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Addressing unhealthy alcohol use among Veterans: Hospital stay may be window of opportunity

March 24, 2015

Dr. Lauren Matukaitis Broyles, a nurse researcher at the Pittsburgh VA, believes that a stay in the hospital may be the opportunity to help some Veterans with their risky drinking. (Photo by Bill George)

Dr. Lauren Matukaitis Broyles, a nurse researcher at the Pittsburgh VA, believes that a stay in the hospital may be the opportunity to help some Veterans with their risky drinking. (Photo by Bill George)

No one looks forward to a hospital stay. But for some Veterans, the event could be the right moment to begin thinking about making healthy lifestyle changes.

That's the hope of Dr. Lauren Matukaitis Broyles, a VA nurse researcher who specializes in identifying risky drinking patterns and developing effective ways to respond.

She is leading a study that will enroll 320 VA hospital patients who score positive on a screening tool for hazardous drinking, but who don't meet the threshold for an alcohol use disorder. The idea is to use a brief counseling intervention, including phone follow-ups, to help Veterans make positive changes and phase out their unhealthy alcohol use.

"We believe hospitalization can be a window of opportunity to engage Veterans who are drinking at hazardous levels. Many Veterans aren't aware of what the recommended drinking guidelines are, or what equals a standard size drink," says Broyles. "This is a preventive approach, in the sense that we can try to help people change their drinking patterns before there are further harmful consequences for the individual and the family."

Approach based on motivational interviewing

Hospitalized Veterans at the VA Pittsburgh Healthcare System who screen positive for hazardous drinking and consent to be in the study will be randomly assigned to either a control or intervention group. Those in the intervention group will have a series of conversations with a specially trained nurse—while still in the hospital, and then shortly afterward—designed to motivate them to change.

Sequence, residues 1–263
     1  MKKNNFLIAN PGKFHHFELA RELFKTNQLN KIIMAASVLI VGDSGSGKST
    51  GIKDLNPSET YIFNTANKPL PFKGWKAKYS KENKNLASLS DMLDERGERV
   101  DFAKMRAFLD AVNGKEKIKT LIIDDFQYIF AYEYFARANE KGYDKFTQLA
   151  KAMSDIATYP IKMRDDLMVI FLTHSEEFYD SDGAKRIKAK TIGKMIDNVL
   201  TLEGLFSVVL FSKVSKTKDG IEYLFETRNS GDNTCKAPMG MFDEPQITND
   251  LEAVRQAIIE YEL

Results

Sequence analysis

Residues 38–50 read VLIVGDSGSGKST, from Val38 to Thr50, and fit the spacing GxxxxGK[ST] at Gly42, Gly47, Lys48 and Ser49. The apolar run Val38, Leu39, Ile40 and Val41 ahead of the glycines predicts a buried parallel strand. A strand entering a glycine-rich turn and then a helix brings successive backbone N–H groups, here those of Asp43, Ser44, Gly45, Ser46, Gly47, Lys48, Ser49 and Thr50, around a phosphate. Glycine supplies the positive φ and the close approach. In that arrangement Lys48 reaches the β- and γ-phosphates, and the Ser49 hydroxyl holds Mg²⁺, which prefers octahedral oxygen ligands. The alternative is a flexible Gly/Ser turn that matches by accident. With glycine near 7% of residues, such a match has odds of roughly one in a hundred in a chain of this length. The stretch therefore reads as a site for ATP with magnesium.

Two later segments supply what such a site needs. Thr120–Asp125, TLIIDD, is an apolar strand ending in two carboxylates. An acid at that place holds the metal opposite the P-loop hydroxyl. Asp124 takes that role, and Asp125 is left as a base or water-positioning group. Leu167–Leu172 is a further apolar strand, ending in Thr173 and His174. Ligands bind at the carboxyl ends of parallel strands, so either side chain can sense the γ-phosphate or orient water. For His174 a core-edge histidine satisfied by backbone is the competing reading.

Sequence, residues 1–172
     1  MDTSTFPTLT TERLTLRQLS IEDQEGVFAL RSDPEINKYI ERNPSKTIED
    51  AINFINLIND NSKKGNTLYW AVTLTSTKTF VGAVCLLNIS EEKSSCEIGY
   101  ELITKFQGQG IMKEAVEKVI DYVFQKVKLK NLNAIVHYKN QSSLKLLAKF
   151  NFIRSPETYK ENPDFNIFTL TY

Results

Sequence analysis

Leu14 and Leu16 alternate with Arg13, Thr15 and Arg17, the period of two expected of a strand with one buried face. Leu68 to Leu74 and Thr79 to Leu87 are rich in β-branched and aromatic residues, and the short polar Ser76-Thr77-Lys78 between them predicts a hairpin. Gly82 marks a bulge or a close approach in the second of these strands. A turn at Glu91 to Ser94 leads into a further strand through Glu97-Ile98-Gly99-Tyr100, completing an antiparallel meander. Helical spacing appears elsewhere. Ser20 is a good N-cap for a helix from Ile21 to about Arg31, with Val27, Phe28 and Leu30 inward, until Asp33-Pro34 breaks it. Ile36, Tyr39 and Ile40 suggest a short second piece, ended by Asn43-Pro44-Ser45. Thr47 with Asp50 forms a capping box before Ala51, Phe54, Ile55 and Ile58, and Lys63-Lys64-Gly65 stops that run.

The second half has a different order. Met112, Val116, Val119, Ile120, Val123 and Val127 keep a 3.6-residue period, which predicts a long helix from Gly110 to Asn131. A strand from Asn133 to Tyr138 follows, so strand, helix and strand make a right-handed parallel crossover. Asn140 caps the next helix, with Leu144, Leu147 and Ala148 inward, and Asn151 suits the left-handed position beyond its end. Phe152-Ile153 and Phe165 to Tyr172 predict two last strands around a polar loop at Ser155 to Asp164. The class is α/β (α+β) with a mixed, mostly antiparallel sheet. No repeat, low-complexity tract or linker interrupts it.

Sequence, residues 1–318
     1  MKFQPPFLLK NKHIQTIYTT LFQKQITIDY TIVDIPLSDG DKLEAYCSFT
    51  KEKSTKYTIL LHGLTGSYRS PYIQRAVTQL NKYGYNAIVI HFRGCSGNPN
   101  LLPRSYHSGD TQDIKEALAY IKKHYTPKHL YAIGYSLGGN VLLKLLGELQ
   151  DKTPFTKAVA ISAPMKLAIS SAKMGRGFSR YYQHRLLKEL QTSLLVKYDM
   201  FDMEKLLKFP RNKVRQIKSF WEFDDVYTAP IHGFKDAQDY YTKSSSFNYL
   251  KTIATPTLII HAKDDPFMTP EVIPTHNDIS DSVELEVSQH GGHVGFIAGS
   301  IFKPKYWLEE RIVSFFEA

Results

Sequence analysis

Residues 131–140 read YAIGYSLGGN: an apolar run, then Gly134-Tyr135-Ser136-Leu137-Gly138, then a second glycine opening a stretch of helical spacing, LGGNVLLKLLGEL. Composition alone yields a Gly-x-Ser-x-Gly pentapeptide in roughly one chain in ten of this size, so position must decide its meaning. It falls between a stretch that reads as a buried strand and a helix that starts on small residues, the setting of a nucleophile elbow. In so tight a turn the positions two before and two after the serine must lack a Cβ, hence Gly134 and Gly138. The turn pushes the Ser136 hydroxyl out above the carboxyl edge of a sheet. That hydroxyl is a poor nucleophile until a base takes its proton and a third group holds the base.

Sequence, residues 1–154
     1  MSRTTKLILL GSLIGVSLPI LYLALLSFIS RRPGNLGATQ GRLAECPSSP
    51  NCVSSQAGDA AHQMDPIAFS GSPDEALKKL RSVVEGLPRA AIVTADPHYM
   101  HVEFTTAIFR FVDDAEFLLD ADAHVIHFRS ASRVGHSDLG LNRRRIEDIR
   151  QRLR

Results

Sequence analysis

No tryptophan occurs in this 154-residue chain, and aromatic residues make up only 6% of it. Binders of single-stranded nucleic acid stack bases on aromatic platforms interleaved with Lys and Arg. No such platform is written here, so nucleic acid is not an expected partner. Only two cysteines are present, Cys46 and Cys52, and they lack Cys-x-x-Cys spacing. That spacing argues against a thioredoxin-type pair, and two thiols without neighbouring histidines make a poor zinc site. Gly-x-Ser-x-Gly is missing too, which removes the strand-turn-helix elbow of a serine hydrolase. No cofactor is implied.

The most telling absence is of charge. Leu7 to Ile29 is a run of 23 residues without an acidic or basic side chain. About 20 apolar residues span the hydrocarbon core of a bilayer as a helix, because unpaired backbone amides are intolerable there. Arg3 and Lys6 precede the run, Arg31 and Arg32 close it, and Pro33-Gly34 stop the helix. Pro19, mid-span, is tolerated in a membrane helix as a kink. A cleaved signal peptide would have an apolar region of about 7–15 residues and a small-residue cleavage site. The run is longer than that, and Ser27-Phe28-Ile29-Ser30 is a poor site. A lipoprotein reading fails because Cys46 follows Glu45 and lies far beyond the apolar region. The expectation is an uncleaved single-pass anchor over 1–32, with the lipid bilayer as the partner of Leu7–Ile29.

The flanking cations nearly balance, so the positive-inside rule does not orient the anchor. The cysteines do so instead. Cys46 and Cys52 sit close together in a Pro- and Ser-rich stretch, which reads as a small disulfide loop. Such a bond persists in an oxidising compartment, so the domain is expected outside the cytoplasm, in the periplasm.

The approach is based on motivational interviewing. The counseling technique was first developed in the 1980s, specifically to help problem drinkers. Nowadays it is commonplace in health care, for many different types of healthy behavior changes—from increasing physical activity to taking medication properly. Experts describe it as non-judgmental, non-confrontational, goal-oriented, and person-centered.

"The idea is to elicit and encourage the person's own reasons for change, and to tap into what matters to him or her," says Broyles.

One aim of the nurse interventionist during the first session will be to create, collaboratively, an "individual change plan." Rather than one-size-fits-all advice to cut back, there'll be thoughtful, personalized advice and feedback. Was the hospital stay related to a medical problem that is made worse by alcohol? If so, that might figure in the discussion. It could be a factor in drawing out the person's own motivation and willingness to change.

Troubleshooting, encouragement during follow-ups

A follow-up meeting, usually in the hospital, will focus on reinforcing and troubleshooting the plan, and providing encouragement. Are there barriers to putting the plan into action—for example, a family member who is not supportive? Are worries over money, or physical pain, affecting the person's ability or desire to change? Is a different strategy needed to counter those challenges?

Two weeks after the Veteran's discharge from the hospital, another follow-up will offer further reinforcement and encouragement.